Our Home Critics work from home every day. Not their homes, but the homes of our hosts and potential hosts. So they know a thing or two about how to make working from home work for you. Provided you’re not a brain surgeon or airline pilot, that is. But for those of us who are fortunate enough to be able to do our jobs from the comfort of our homes, it can be a welcome change of routine and, if done properly, it can even improve our productivity.
Here are a few top tips from our Home Critics:
1. Have a designated work space
An obvious starting point is to actually have a space where you can separate work life from home life. If you have a converted shed in the garden or a study, that’s great. But even a quiet corner or an alcove will do, provided that if anyone else is at home with you they respect this space as your office. That includes the cat.
2. Make your bed
Without being too prescriptive about things, making your bed has been proven to put you in a task-orientated headspace when working from home. An unmade bed is suggestive of weekends and downtime, plus it can also be terribly tempting to sneak back into. And that won’t end well at all. So make your bed and get on with your day.
3. Have a dress code
Get dressed as if you’re going to the office. Even if you’re at home alone. This will put you in the right frame of mind, and who knows when the boss will video call without warning? You don’t want to be caught out in your dressing-gown and slippers, do you?
4. Take regular breaks
Sometimes when people work from home they feel the need to work even longer hours than they do at the office, just to prove to their boss or colleagues that they’re not goofing off. Stop. Being. Paranoid. Stick to your normal office hours and take regular breaks. If you don’t, you risk burning yourself out and turning your home into a place where there are no boundaries between work life and office life. And that’s just not healthy or sustainable.
5. Keep in video contact with colleagues
Video calls with colleagues are not only a good reason to get dressed in the morning, they can also help boost morale during stressful times, especially if you’re not used to being on your own all day long. Just because you’re not at the office doesn’t mean you’re not still part of a team. A daily team chat by video can help ensure you’re all working cohesively, that you’re there for one another and that you’re changing your clothes every day.
6. Eat well
You’re at home, alone with your own kitchen. And a fully stocked larder. What could possibly go wrong? Try to avoid the temptation of cooking yourself three course, gourmet breakfasts. And lunches. On the other hand, don’t gobble your food straight out of a Tupperware while hunched over the kitchen sink in your underwear. Do, however, take a proper lunch break, away from your desk, and with other people, if there are other people working from home with you. This will add structure to your day and help you to pace yourself.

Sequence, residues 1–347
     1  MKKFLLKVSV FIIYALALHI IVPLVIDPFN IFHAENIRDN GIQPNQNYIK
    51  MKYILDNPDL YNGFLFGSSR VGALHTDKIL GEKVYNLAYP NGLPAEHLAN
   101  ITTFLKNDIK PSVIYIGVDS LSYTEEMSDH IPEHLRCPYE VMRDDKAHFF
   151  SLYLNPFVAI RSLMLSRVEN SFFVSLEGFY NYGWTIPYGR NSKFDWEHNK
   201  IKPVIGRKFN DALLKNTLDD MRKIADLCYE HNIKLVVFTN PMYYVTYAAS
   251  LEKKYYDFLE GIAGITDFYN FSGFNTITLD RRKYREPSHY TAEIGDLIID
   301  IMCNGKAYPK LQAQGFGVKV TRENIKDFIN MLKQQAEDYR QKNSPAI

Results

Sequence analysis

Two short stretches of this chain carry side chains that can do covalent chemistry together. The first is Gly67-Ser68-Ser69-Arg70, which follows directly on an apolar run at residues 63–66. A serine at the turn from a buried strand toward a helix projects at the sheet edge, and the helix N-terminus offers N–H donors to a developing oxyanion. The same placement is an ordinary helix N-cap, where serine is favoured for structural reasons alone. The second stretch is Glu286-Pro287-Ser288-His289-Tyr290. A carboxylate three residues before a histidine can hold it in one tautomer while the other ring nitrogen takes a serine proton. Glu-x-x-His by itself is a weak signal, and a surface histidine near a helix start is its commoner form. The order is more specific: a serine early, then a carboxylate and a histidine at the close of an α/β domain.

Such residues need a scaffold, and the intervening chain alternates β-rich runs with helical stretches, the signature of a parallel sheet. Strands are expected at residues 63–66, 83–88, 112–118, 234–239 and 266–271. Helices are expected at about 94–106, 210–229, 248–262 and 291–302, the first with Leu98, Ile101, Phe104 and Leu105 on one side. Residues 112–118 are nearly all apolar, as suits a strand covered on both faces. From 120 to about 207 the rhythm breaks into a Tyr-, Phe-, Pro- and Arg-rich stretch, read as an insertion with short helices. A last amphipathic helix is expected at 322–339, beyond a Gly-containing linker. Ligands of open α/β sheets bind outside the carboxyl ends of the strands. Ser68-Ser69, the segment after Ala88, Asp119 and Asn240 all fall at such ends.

Use the time when you would normally be commuting to run, do yoga, walk the dog or whatever exercise it is you enjoy. Getting out of your home and taking in some fresh air and scenery will ensure you’re wide-awake when you sit down at your desk. Whatever you do, don’t let your morning ‘commute’ descend into a sleepy stumble from your bed to your desk.
8. Avoid the TV
So you’ve fixed yourself a sandwich for lunch and you decide to chill on the couch and catch up on some TV news. Four hours later you wake up with peanut butter in your hair and realise you missed that crucial conference call with your client. Nice. Do not touch the TV. TVs are needy. TVs want you to sit and watch them all day. You need to be strong. Resist all TV until after working hours.
9. Know when to switch off
Make sure you have distinct boundaries between work and home time. At the end of the day close your laptop, change your clothes, use the time you would normally use to commute home to take a walk and wind down. Finding a healthy balance will keep you motivated and prevent you from burning out.
10. Stay safe
We all know about a certain airborne virus. After all, it’s why we’re working from home. But there are other viruses you should also be aware of: the ones that can invade your computer systems. Our home internet connections are not always as well protected as the ones we use at work. Make sure you’re using secure sites and passwords. Hackers, phishers and scammers would love nothing better than to infiltrate your home network.
11. Enjoy it
Working from home is a luxury that not everyone can experience. So appreciate how lucky you are. But don’t abuse it. Yes, you can eat as many tuna sandwiches and boiled eggs as you like without offending your colleagues. But treat your working hours with respect, while still enjoying the comforts of home, like sitting in the garden or by an open window, or drinking coffee from your favourite mug that no one else can steal. What bliss.
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